New chief's challenge

January 27, 2003

WHEN HE TOOK OFFICE more than three years ago, Mayor Martin O'Malley embarked on changing the effectiveness of Baltimore's Police Department.

Novel strategies have been introduced and real-time information now is used to bring the crime rate down, but one promised improvement is still sorely missing: relentless follow-up.

Far too often, serious criminals walk free. The reason: A lack of coordination between police and prosecutors too often prevents or undoes prosecution. And insufficient cooperation with probation officers hampers the tracking of troublemakers who are at large. It's not enough to get better at making arrests: Arrests must be followed by strenuous prosecution, particularly in cases of violence.

So now that Mayor O'Malley has chosen Kevin P. Clark, a New York police commander, as the next police commissioner, Baltimore has another opportunity to address this longstanding deficiency. Together, the mayor and the new chief must focus on ensuring relentless follow-up. They must improve the Police Department's cooperation and coordination with prosecutors.

But that can be done only if Mayor O'Malley - who sets the tone for the Police Department - State's Attorney Patricia C. Jessamy and U.S. Attorney Thomas M. DiBiagio agree to work as a team.

In his well-publicized criticisms over the years, Mayor O'Malley has made a valid point: Baltimore's overloaded criminal justice system is seriously flawed and needs an overhaul. This message has been clearly delivered so many times it needs no repetition.

Instead, it's time to start corrective action. And that can be achieved only through trust and cooperation among the various criminal justice agencies.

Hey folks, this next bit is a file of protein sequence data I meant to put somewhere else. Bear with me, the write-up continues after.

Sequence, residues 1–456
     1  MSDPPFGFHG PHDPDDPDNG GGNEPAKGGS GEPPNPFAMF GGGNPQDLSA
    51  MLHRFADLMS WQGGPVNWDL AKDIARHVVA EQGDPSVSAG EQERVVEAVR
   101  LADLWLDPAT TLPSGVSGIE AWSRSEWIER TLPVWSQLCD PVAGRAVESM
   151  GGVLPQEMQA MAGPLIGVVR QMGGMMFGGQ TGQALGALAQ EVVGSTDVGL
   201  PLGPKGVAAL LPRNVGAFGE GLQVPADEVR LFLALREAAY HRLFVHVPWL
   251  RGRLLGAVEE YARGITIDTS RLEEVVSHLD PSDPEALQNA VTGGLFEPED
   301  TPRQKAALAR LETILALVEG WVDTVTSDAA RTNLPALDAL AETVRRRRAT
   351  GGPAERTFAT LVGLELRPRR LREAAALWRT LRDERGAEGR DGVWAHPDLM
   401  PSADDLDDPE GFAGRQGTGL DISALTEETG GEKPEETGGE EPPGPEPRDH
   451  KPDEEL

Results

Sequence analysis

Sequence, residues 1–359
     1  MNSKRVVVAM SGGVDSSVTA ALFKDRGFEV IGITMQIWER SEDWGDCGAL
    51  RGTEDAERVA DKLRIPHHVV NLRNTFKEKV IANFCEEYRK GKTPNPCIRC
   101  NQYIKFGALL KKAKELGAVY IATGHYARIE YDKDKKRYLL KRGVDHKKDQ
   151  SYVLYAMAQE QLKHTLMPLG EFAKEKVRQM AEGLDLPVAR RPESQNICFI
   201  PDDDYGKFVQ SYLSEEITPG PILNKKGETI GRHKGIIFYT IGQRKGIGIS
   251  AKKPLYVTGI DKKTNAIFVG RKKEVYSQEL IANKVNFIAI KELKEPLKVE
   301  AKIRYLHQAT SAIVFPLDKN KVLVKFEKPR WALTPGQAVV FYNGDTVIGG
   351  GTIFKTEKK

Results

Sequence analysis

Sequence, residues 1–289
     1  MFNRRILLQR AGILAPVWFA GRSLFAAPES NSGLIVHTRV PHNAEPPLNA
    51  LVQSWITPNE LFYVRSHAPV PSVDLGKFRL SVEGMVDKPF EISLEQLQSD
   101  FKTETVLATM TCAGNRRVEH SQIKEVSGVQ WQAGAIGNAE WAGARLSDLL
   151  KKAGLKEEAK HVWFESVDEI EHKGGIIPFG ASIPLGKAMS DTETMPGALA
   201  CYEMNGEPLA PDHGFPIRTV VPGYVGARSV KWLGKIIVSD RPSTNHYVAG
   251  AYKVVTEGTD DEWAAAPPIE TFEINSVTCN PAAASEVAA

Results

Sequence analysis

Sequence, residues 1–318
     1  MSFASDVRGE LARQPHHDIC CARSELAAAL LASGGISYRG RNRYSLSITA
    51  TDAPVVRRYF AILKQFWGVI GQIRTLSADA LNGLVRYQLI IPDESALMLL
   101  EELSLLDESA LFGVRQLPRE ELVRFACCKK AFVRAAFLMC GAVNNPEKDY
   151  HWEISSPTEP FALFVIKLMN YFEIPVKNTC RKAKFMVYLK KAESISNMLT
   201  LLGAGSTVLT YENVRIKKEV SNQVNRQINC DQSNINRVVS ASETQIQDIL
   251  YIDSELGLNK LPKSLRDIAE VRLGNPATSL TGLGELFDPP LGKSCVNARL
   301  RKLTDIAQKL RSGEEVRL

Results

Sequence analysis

Mr. DiBiagio has already taken positive steps in that direction. And Ms. Jessamy, whose relationship with the former police commissioner and the mayor has been less than cordial, would do well to forge a new, healthier and more productive bond with the new chief.

In other ways as well, sweeping changes in state government have produced conditions for an unusual realignment in the criminal justice bureaucracies that could - and should - benefit Baltimore.

The new Maryland State Police superintendent, Edward T. Norris, is the city's former police commissioner; he wants to increase the state police presence in Baltimore. In the past, troopers usually have worked here only in emergencies.

Mary Ann Saar, who has been appointed to oversee everything from parole and probation to the prison system, has vast experience here, as does Kenneth C. Montague Jr., the juvenile service secretary nominee.

These are exciting possibilities for new collaborations, coming at a time when the city needs help and resources. Nothing underscores this need more strikingly than the fact that out of the 3,300 officers in the city force, 682 - including many commanders - are eligible to retire at short notice. Realistically, perhaps 200 are expected to leave this year. The predicted loss of expertise is daunting.

During the past three years, Baltimore's overall crime rate has decreased, but those gains could be erased as killings continue at an alarming pace.

Mayor O'Malley and his new police chief must step up a policy of cooperation with other criminal justice agencies. They must disregard jurisdictional jealousies and unite in a common mission - fighting crime and punishing criminals.

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